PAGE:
La Grande River

La Grande River (French: La Grande Rivière, Cree: Chisasibi, both meaning "great river") is a river in northwestern Quebec, Canada, which rises in the highlands of north central Quebec and flows roughly 900 kilometres (560 mi) west to drain into James Bay. It is the second largest river in Quebec[clarification needed], surpassed only by the Saint Lawrence River.

La Grande River
La Grande Rivière2.jpg
La Grande River near Radisson, Quebec.
La Grande map 2.png
La Grande River original basin in yellow. Diverted basins in orange.
Physical characteristics
SourceLac Nichicun
 • locationNitchequon
 • coordinates53°12′30″N 70°56′00″W / 53.20833°N 70.93333°W / 53.20833; -70.93333
MouthJames Bay
 • location
 • coordinates
53°50′00″N 79°04′00″W / 53.83333°N 79.06667°W / 53.83333; -79.06667Coordinates: 53°50′00″N 79°04′00″W / 53.83333°N 79.06667°W / 53.83333; -79.06667
 • elevation
0 m (0 ft)
Length893 km (555 mi)[1]
Basin size97,600 km2 (37,700 sq mi)[1]
 • average3,400 m3/s (120,000 cu ft/s)[2]
 • minimum345 m3/s (12,200 cu ft/s)
 • maximum4,450 m3/s (157,000 cu ft/s)

Originally, the La Grande River drained an area of 97,400 square kilometres (37,600 sq mi) and had a mean discharge of 1,690 m3/s (60,000 cu ft/s).[1] Since the 1980s when hydroelectric development diverted the Eastmain and Caniapiscau rivers into the La Grande, its total catchment area has increased to about 175,000 square kilometres (68,000 sq mi), and its mean discharge increased to more than 3,400 m3/s (120,000 cu ft/s).[2] In November 2009, the Rupert River was also partially diverted, adding another 31,430 square kilometres (12,140 sq mi) to the basin.

At one time, this river was known as the "Fort George River". The Hudson's Bay Company operated a trading post on the river at Big River House from 1803 to 1824. In 1837, a large trading post was established at Fort George on an island at the mouth of the river. In the early 20th century, this trading post became a village as the Crees of the James Bay region abandoned their nomadic way of life and settled nearby. The modern Cree village of Chisasibi, which replaced Fort George in 1980, is situated on the southern shore of the La Grande River, several kilometers to the East.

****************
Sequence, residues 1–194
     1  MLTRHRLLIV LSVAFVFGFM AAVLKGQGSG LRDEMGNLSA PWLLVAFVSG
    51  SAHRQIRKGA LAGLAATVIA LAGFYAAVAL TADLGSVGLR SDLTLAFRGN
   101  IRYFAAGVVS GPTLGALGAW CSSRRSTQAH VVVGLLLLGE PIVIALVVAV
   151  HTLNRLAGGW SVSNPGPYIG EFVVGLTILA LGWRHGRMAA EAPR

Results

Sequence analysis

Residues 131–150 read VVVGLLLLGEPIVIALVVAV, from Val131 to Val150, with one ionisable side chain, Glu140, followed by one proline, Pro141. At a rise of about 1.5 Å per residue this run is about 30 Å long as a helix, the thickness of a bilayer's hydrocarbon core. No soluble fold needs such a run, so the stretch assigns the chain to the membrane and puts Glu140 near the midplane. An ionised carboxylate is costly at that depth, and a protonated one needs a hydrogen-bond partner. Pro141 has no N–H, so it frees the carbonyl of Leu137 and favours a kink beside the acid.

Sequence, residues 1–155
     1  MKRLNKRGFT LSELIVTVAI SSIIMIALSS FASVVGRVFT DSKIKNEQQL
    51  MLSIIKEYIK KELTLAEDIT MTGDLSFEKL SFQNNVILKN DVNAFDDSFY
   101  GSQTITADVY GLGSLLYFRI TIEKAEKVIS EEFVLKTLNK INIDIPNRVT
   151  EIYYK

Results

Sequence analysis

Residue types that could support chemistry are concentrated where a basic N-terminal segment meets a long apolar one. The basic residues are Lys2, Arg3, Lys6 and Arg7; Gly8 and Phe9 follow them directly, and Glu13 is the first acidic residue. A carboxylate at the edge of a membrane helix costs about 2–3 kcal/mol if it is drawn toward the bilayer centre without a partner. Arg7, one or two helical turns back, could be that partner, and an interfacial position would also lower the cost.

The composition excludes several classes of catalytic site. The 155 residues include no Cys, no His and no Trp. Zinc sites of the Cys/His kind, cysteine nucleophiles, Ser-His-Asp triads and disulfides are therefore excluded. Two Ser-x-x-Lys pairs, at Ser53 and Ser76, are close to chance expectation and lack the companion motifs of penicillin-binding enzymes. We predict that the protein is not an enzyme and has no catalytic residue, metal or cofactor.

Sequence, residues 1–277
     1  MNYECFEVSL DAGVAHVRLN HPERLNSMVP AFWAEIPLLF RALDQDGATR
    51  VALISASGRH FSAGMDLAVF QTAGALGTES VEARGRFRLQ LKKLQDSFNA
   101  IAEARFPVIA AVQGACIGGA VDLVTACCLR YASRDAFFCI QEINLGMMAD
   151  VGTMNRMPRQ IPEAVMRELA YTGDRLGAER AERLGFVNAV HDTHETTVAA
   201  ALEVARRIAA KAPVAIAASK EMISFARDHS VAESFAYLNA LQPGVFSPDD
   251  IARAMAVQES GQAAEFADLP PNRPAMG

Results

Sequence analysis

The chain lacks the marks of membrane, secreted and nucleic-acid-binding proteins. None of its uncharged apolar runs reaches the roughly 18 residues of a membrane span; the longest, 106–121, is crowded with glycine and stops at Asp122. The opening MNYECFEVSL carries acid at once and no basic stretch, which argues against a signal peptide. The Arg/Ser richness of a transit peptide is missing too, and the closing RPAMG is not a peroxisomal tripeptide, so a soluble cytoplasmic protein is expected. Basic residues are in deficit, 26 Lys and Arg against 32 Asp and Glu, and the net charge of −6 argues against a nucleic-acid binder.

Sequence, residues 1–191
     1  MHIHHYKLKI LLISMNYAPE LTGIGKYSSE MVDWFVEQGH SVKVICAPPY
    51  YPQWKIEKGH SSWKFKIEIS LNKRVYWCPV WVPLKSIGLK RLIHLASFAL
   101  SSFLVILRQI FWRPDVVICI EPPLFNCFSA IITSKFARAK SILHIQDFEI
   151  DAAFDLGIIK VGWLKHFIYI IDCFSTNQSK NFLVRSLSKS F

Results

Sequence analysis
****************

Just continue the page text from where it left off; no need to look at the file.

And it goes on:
Significant tributaries of La Grande River include:

Hydro-electric developmentEdit

The river has been extensively developed as a source of hydroelectric power by Hydro-Québec, starting in 1974. An area of 9,900 square kilometres (3,800 sq mi) was flooded[citation needed] and almost all of the flow of the Eastmain River[citation needed] and a large portion of the Rupert River[citation needed] were diverted into the La Grande watershed. The following generating stations are on the La Grande River and its tributaries in upstream order:

As a result of the development projects, the Cree people of the region lost some parts of their traditional hunting and trapping territories (about 10%[citation needed] of the hunting and trapping territories used by the Cree of Chisasibi). Organic mercury levels increased in the fish, which forms an important part of their diet, as the organic material trapped by the rising waters in the new reservoirs began to filter into the food chain. Careful follow-up by Cree health authorities since the 1980s has been largely successful. The authorities continue to promote the regular consumption of fish, with the notable exception of the predatory species living in the reservoirs, which still show high levels of mercury.[citation needed]

See alsoEdit


  1. ^ a b c Atlas of Canada Archived 2007-04-10 at the Wayback Machine (all values of original river prior to hydro-electric development.)
  2. ^ a b Hydro-Québec and GENIVAR Groupe Conseil inc., Environmental Monitoring of the La Grande-2-A and La Grande-1 Projects. Abridged Summary Report 1987-2000. La Grande Winter plume. July 2005 (Online version Archived 2011-06-05 at the Wayback Machine)

External linksEdit